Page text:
Perhaps the most controversial recommendation (at least so far) from Iain Duncan Smith’s Social Justice Policy Group is the recommendation of higher alcohol taxes. The Sun attacked the suggestion as "potty". Iain Dale called the policy "ludicrous". I can’t say that I’m yet persuaded but I know IDS very well. He’s a taxcutting Tory and I know he wouldn’t have made the recommendation without having given it a lot of thought.
There are three main justifications in the report for higher alcohol taxes:
The need for the drinks industry to help meet the social costs of alcohol abuse. Alcohol consumption has increased dramatically in recent years – particularly amongst women and the young. The Breakdown Britain report documented how children as young as eleven and twelve were binge drinking regularly. 60% of boys have been binge drinking by the age of 15. Cirrhosis of the liver has gone up 350%. There are 23,000 acts of alcohol-related violence every week. 20% of violent crimes take place near a club or pub. Much workplace absentee-ism and underperformance is drink-related. Surveys also suggest that alcohol misuse is a gateway to drug misuse. The annual cost to society of alcohol and drug misuse – including anti-social behaviour and health problems – could be as much as £39bn says the SJPG. Money raised by higher taxes could fund treatments for people with addiction problems.
The price of alcohol is at historically low levels. The graphs opposite (click to enlarge) illustrate that alcohol prices have held steady or fallen in real terms. This has occured while disposable incomes have risen steadily.
Consumption of alcohol is sensitive to price changes. The Institute of Alcohol Studies suggests that young people, because of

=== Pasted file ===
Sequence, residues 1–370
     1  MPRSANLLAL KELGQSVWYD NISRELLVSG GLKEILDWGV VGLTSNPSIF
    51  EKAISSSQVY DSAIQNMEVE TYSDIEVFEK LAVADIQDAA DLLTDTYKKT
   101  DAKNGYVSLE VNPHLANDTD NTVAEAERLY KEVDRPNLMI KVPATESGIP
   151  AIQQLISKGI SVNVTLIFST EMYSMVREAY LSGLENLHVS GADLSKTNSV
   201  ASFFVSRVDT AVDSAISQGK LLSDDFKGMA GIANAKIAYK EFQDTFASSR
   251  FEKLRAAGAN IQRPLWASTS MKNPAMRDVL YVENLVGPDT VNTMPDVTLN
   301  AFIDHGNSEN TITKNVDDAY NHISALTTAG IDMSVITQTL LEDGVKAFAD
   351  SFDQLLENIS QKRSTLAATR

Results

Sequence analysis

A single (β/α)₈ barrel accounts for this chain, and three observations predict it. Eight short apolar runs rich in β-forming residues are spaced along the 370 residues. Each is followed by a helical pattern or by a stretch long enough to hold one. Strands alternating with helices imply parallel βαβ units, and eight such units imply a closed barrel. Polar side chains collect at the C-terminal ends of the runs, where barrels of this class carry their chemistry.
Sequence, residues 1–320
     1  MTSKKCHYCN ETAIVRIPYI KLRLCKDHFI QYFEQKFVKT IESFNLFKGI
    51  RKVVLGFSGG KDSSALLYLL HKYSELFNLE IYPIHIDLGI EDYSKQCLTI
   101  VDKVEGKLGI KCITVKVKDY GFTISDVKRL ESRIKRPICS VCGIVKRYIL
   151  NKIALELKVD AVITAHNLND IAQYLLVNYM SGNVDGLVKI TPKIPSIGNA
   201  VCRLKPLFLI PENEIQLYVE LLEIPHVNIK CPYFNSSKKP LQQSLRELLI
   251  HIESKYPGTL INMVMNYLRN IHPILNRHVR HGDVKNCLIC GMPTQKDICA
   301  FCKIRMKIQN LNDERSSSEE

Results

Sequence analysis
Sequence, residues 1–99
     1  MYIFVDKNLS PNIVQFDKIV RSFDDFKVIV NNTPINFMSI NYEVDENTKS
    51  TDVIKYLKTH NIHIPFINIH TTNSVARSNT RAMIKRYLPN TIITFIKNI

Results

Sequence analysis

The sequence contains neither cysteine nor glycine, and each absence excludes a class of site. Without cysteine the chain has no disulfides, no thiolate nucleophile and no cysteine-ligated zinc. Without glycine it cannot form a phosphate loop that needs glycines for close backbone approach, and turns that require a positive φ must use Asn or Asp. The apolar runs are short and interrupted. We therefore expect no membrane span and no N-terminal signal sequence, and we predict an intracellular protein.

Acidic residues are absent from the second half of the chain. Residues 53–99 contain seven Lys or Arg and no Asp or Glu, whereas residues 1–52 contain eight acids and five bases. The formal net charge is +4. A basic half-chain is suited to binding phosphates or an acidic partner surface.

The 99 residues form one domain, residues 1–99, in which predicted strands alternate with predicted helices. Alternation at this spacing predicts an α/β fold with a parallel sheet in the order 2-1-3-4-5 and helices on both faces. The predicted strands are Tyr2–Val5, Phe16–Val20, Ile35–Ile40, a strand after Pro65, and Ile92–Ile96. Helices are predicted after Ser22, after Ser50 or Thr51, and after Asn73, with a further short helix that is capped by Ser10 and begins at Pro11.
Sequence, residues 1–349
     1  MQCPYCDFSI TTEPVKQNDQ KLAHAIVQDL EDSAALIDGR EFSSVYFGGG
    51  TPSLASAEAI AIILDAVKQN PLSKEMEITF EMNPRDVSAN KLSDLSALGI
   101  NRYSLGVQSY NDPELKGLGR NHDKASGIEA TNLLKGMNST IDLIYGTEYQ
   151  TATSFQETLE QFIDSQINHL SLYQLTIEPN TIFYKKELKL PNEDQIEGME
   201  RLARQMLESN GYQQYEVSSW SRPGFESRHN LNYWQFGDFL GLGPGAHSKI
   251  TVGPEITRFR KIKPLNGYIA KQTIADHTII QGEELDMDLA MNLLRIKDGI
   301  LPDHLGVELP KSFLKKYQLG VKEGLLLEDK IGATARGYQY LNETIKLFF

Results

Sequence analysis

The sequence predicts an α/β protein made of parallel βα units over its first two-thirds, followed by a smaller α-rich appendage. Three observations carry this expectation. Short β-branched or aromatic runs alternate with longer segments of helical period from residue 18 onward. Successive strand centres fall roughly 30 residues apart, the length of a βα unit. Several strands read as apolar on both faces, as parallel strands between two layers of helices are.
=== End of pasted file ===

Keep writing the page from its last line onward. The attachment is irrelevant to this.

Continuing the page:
their low levels of disposable income, are particularly sensitive to
price changes. Even addicts – because of an economic theory called ‘rational addiction’ – can cut consumption because of price changes. Alcohol Concern reports that the Academy of Medical Sciences believes a 10% increase in the price of alcoholic drinks could cut related deaths by more than a third.
In a submission to the SJPG, the Institute of Alcohol Studies said:
"The Government was rejecting the advices of virtually the whole scientific and public health community based on the accumulated international evidence that the price of alcohol is one of the principal influences on levels of consumption and harm."
The Campaign for Real Ale has dismissed the Tory plans as unworkable, however:
“A beer tax increase of 10% will lead to people buying their alcohol at supermarkets where beer is irresponsibly used as a loss leader. The drop in trade will force pubs to close and communities that use those pubs will lose yet another valuable amenity. In addition there will be an increase in cheap alcohol being smuggled in from lower tax countries further eroding the Treasury’s cut and promoting uncontrolled and underage drinking."